The St. Roch Market was built in 1875 as part of the City of New Orleans’ extensive system of public, open-air markets. By the 1930s, the building was crumbling, and the city slated it for demolition. However, after widespread public outcry and intensive lobbying on the part of Faubourg St. Roch residents, the building was remodeled under the WPA. It was during this period that the market was retrofitted with then-modern accommodations, including refrigeration and plumbing. In the period immediately following WWII, the public market system was disbanded, with only the French Market and the St. Roch Market (again, because of resident support) remaining. It was also during this period that the market was fully enclosed, and began to operate under private management. In the years leading up to Katrina, the market was operated by a family of Chinese immigrants, who converted a portion of the market into a restaurant-style eatery.
In 2005, Hurricane Katrina flooded the market, causing structural damage and leaving it shuttered. As city property, the onus has been on the Office of Recovery Management to rehabilitate the market. ORM, in turn, has contracted the project management to MWH, a planning firm that has recently been the focus of some controversy regarding the misuse of the city’s revolver fund (read more hereand here). In early 2009, both ORM and MWH, along with the architect in charge of the project, Lee Ledbetter and Associates, held a series of public hearings to discuss their plans for the markets with area residents. The plans, however, are quite gaunt. They call for the redevelop of the site as a “white box,” essentially an empty space, the use of which will be determined by an unidentified third party tenant. The revelation of this led to some controversy at one 2009 public hearing, with a few St. Roch residents expressing concern that its use would be dictated by more affluent residents of the Bywater and Marigny. At one point, a resident even interrupted the MWH representative, saying “if your from St. Roch, raise your hand,” at which only a third of those in attendance did.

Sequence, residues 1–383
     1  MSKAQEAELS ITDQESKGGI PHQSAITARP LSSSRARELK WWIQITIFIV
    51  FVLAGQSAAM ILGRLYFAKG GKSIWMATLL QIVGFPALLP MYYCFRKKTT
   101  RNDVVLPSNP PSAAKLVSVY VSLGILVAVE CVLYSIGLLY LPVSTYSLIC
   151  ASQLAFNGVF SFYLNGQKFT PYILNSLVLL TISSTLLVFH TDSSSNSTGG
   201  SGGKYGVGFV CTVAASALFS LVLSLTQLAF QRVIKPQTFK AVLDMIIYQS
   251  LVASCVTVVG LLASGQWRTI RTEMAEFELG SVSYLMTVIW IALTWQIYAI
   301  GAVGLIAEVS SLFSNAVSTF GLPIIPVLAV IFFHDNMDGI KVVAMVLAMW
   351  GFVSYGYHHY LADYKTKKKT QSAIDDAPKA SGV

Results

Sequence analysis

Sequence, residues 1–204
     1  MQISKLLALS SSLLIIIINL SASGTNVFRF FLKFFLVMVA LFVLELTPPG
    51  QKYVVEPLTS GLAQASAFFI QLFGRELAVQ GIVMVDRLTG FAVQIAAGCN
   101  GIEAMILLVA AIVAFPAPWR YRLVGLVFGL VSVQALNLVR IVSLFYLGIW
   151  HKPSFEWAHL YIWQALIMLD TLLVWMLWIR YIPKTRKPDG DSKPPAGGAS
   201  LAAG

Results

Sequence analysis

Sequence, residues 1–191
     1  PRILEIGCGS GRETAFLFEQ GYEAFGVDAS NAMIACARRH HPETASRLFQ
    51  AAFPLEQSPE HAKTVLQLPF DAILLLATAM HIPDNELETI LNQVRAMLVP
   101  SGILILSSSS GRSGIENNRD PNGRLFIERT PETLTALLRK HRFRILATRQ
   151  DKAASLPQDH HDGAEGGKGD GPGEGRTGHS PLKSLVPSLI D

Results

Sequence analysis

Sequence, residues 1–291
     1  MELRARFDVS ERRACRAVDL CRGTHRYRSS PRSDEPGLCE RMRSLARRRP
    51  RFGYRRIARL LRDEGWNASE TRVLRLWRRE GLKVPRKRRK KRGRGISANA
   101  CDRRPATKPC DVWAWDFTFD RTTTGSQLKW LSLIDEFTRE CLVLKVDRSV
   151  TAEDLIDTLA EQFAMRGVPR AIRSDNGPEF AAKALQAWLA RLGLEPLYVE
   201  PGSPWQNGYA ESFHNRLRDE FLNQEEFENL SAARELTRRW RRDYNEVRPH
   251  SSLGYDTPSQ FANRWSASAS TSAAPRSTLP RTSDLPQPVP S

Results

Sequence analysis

More pressing, perhaps, than the projects eventual use, is the possibility that the city does not yet have all the funding needed to complete the project. According to an MWH memo, the current project budget is $3,000,000, while the current available funding is only $651,972, leaving a funding gap of $2,348,028. The document goes on to list $1,000,000 worth of CDBG funding and over a million more in potential FEMA reimbursements that it hopes to use as gap funding. Yet, it lists the likelihood of reimbursement for the bulk of the FEMA funding as only 70%. Regardless, the project has been approved for its full budget, and the same document gives 5/27/2011 as the date of completion, with 5/27/2010, a year earlies, as the start date for construction. However, according to one active neighborhood member, ORM recently moved the date back to December, to which he added, “[I’m] not holding my breath.”